The submission period for the inaugural edition of VOICES is now closed. The editors are now reading over 500 submissions.
In June, we'll email everyone who submitted to let them know whether or not their work will be published in the journal.
In June 2019, Poetry In Voice will launch its inaugural issue of VOICES, our student poetry journal. If you are a student in grades 9 through 12 (Sec. 3, 4 & 5 and CEGEP 1 in Quebec), we encourage you to send us your original poems via our submission form by April 30, 2019.
Reading and writing poetry can be a telescope or a magnifying glass to life’s everyday details that you might not normally notice. The possibilities are endless with poetry, but to be accepted to our journal, your submitted poem(s) must be written using ONE of the following methods:
1. Choose one of our anthology poems and write a response poem.
What’s a response poem? It’s exactly what you think it is: You browse our anthology (hint: try Poem Roulette!), choose one poem that resonates with you, and then write a poem that’s somehow inspired by that poem. Your work can agree with or contradict the original poem. You can write a poem from an alternative point of view, or you could simply wonder, wander, or be inspired by a line or even just a word from the poem and build your poem around that.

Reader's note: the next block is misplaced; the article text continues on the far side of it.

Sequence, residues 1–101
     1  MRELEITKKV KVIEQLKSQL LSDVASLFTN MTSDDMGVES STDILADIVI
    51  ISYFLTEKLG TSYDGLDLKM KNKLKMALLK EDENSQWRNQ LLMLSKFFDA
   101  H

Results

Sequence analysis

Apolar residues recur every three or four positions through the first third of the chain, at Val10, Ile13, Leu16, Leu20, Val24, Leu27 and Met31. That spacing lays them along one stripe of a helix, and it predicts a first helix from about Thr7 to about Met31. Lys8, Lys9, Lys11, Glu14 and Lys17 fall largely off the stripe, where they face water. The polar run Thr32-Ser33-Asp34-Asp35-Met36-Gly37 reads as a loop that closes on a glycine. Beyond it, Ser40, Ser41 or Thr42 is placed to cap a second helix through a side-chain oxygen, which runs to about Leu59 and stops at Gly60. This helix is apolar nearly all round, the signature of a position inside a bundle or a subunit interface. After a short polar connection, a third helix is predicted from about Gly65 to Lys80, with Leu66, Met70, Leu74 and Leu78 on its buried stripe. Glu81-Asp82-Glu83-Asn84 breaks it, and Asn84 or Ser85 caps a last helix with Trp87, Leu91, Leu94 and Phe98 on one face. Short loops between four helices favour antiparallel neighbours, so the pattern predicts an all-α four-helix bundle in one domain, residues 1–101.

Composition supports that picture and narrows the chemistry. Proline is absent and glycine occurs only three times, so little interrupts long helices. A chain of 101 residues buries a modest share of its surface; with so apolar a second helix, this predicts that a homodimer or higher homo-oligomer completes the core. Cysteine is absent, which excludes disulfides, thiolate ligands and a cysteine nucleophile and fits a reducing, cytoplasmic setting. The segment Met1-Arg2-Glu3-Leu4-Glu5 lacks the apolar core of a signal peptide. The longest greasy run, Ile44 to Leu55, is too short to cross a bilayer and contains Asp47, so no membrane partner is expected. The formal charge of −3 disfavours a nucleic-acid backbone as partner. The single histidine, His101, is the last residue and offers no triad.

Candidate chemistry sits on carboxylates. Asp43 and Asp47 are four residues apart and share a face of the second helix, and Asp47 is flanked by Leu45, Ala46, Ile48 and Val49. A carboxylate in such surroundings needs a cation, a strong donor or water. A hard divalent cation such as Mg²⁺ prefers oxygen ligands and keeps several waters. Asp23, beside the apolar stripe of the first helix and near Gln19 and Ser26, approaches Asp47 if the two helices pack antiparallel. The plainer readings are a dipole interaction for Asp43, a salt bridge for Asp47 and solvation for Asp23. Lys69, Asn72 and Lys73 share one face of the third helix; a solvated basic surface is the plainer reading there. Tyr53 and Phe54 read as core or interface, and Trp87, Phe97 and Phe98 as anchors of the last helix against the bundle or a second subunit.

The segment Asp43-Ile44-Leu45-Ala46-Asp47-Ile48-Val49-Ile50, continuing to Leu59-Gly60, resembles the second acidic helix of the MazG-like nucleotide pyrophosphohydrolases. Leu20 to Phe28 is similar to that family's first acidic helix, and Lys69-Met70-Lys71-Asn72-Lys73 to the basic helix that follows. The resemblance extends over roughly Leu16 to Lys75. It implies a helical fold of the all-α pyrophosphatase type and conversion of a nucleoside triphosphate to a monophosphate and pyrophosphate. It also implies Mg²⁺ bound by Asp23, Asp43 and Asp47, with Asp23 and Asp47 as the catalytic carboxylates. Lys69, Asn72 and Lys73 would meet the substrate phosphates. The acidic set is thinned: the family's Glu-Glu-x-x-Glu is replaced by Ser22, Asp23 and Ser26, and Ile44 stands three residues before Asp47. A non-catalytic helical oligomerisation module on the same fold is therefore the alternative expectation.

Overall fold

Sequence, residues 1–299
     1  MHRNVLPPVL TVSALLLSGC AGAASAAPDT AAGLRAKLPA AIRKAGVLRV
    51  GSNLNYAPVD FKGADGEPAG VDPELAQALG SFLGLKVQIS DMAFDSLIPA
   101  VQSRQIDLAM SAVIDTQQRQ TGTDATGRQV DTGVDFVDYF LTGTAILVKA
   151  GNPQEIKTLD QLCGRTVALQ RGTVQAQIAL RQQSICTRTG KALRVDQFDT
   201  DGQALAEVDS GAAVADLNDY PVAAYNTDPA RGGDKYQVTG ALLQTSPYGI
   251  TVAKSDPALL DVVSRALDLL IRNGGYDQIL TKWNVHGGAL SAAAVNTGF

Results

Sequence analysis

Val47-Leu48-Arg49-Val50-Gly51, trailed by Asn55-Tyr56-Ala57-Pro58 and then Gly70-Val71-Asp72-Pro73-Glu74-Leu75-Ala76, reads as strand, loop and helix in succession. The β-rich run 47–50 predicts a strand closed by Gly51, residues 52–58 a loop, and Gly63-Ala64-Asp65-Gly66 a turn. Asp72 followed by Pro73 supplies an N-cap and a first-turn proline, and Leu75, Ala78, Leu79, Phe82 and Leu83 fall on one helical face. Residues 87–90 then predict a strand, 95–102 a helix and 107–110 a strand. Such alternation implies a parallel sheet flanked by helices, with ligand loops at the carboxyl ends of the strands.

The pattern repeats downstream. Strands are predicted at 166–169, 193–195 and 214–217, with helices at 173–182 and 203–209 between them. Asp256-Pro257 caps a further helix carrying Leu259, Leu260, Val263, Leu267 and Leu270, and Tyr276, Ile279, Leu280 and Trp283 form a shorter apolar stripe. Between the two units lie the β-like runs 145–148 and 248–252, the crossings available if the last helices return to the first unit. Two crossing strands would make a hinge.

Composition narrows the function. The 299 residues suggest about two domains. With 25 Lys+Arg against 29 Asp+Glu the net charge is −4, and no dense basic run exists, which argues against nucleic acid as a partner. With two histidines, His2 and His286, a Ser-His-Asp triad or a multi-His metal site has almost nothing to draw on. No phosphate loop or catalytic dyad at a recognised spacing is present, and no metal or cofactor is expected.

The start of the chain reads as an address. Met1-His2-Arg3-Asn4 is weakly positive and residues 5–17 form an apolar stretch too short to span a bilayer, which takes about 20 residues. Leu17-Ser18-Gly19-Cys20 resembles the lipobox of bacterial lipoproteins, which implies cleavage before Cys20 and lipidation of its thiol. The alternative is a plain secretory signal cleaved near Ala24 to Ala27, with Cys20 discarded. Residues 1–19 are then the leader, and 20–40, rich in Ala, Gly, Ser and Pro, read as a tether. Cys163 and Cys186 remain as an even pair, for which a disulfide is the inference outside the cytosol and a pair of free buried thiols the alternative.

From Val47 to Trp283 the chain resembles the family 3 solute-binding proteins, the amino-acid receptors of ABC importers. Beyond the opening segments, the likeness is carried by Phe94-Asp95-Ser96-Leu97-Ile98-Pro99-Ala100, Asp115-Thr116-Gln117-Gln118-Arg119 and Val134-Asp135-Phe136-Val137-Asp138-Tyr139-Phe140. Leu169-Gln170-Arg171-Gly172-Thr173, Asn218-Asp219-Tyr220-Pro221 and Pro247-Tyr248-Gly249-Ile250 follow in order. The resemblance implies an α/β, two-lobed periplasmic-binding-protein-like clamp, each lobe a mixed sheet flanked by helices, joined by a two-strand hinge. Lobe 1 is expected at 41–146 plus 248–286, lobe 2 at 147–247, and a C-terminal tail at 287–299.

You could also approach the creation of this poem more mechanically: Take one memorable line of the original poem and use that as the opening line of your poem (a springboard poem) or use that as the last line of your poem (a landing-strip poem). Or you could compose an original poem by only using lines borrowed from other poems (a cento) -- this form requires a lot of time and experimentation to yield a successful, interesting poem, but it can be done!
For example, “Wolf Lake” by Elizabeth Bachinsky, was written in response to Matt Rader’s “Wolf Lake.” “The Passionate Shepherd to His Love,” written by Christopher Marlowe, has inspired a long list of response poems, including “The Nymph’s Reply to the Shepherd” by Sir Walter Raleigh.
2. Write a poem based on one of our writing prompts.
Many of our contemporary poets have written writing prompts for you. Select one of them and write a poem within the boundaries of that prompt. Play around inside those boundaries or push hard against them and see what you come up with. You might just surprise yourself.
Remember to send us your eligible poems (you can submit as many as you like) by April 30, 2019. By the end of May, you will be notified about whether your poem will be published in VOICES.
We hope to read your poetry soon!
-Poetry In Voice